Manchin Reveals Biden Is Not Aligned With White House Agenda

Written By BlabberBuzz | Thursday, 28 October 2021 20:30

Sen. Joe Manchin noted he does not believe the proposal to allow the IRS to snoop on account transactions will make it into Democrats' social spending plan. He claims President Biden agreed with him that it is 'screwed up.'

In their Sunday meeting, the West Virginia Democrat said he told President Biden that 'This cannot happen. This is screwed up.'

"So he says, I think Joe is right on that one.' So I think that one is gonna be gone," Manchin insisted at a breakfast meeting of the Economic Club. Manchin met with the president and Sen. Majority Leader Chuck Schumer at Biden's home in Wilmington, DE.

 BIDEN REFUSES TO TONE DOWN HIS CRAZY AGENDAbell_image

 BIDEN REFUSES TO TONE DOWN HIS CRAZY AGENDAbell_image

Manchin noted he was not satisfied when Democrats raised the reporting threshold from $600 to $10,000 in aggregate transactions per year.

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 MUST SEE: IS KAMALA SETTING UP A CHALLENGE TO GOP WAVE IN 2022bell_image

"Even if it's $10,000 that’s only $800, $900 a [month]." Yet Manchin sounded optimistic Democrats would come to an agreement regarding a final bill, shaved down from $3.5 trillion to his ideal figure of $1.5 trillion, this week.

 IS ROBERT E. LEE'S STATUE REMOVAL HEADING TO SUPREME COURT?bell_image

 IS ROBERT E. LEE'S STATUE REMOVAL HEADING TO SUPREME COURT?bell_image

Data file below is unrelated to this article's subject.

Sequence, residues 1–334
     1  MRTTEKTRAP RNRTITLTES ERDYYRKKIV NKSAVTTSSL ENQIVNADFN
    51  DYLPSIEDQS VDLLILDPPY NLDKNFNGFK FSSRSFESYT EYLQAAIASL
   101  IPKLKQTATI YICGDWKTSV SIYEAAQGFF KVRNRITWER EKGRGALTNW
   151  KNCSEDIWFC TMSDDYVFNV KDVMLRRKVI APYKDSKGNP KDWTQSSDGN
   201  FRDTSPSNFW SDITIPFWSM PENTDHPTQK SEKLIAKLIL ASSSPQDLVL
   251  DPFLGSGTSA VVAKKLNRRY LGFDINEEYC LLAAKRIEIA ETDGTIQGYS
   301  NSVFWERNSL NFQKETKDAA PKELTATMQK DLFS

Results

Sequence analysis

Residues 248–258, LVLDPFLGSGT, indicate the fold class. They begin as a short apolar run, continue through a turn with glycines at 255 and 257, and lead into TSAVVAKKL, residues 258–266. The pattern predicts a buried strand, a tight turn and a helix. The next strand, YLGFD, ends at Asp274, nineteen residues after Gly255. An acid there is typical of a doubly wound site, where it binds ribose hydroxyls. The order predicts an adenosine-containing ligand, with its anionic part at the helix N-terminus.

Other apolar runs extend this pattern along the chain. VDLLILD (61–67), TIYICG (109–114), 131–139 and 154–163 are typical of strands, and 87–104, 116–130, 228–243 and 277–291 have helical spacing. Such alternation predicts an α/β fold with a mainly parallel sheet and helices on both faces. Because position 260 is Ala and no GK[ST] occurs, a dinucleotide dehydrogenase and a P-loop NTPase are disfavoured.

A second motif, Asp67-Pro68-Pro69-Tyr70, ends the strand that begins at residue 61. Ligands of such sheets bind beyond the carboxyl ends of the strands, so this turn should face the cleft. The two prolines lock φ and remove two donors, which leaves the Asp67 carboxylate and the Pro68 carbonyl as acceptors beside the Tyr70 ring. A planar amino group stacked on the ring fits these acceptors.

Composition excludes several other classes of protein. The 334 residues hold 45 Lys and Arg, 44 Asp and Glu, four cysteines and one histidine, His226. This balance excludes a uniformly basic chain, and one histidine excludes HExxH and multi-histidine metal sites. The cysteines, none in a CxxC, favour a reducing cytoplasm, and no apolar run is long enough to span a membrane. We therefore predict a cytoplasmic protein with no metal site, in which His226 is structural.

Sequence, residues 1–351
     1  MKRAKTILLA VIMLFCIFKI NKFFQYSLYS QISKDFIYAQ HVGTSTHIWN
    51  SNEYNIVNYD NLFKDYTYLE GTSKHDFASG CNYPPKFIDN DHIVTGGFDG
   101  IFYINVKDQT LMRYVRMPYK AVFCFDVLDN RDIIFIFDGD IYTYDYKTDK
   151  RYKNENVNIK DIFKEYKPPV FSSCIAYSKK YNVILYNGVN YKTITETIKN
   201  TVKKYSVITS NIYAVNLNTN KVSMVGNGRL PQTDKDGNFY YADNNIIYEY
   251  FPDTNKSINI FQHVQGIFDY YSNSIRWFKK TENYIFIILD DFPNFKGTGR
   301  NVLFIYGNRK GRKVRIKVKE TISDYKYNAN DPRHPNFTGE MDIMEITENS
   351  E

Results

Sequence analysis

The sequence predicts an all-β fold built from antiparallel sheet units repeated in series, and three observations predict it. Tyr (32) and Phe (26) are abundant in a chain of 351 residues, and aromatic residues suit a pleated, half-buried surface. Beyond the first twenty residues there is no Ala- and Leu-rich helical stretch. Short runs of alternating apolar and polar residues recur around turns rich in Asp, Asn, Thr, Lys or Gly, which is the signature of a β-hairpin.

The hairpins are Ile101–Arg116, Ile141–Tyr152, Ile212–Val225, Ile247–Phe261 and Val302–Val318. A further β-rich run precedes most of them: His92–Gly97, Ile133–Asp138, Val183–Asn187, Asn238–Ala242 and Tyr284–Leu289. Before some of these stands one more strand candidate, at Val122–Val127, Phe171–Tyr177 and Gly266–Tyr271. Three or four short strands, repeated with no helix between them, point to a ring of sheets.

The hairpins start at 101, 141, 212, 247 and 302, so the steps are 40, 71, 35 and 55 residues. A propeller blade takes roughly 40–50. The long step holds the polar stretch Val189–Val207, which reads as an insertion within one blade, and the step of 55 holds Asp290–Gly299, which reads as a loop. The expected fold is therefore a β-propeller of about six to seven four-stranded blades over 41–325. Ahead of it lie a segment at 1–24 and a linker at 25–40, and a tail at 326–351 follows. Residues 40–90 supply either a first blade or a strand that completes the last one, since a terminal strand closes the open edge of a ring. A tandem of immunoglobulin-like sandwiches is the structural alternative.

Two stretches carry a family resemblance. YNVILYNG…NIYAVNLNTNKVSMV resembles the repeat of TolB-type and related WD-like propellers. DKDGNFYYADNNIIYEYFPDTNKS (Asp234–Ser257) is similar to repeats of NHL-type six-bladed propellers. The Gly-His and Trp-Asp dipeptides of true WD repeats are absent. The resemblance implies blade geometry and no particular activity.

During the same breakfast, he affirmed there was a 'high probability of Democrats' social spending bill and the bipartisan infrastructure bill passing in the near future.

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 WATCH: FORMER WHITE HOUSE DOC DEMANDS COGNITIVE TEST FOR BIDENbell_image

On Monday, a group of 99 banks and industry groups addressed a letter to President Biden calling on him to drop his proposal to hand over transaction data to the IRS, pointing out that they too were unsatisfied by raising the threshold. The organizations that claimed to represent business and financial interests urged the White House to withdraw support and find "more targeted measures" to reduce the tax gap.

 DEMS HOPEFUL DOJ PROSECUTES TRUMP FOR JAN 6THbell_image

 DEMS HOPEFUL DOJ PROSECUTES TRUMP FOR JAN 6THbell_image

The proposal to hand over data on all aggregate inflows and outflows of accounts with more than $600 in total transactions, drew sharp outcry from Republicans and banks alike, provoking Democrats to raise the amount to $10,000. The letter states that raising that cap amounted only to 'cosmetic' changes.

The banking groups lauded the administration's 'good-faith attempt' to ensure all Americans pay the taxes they owe but wrote: 'our members, and the American people, believe that they have a reasonable right to privacy and this overly broad proposal to report gross annual inflows and outflows from nearly every account is disconnected from its purported narrow purpose of focusing government scrutiny on Americans with actual income above $400,000.'

"The privacy concerns for Americans who pay their taxes and would be swept into this account reporting program are real and should not be taken lightly," the letter went on.

The letter was signed by various groups, ranging from the American Bankers Association, the American Farm Bureau Federation, and the Chamber of Commerce to the Asian American Hotel Owners Association, the National RV Dealers Association, the National Grocers Association, and the North American Die Casting Association.

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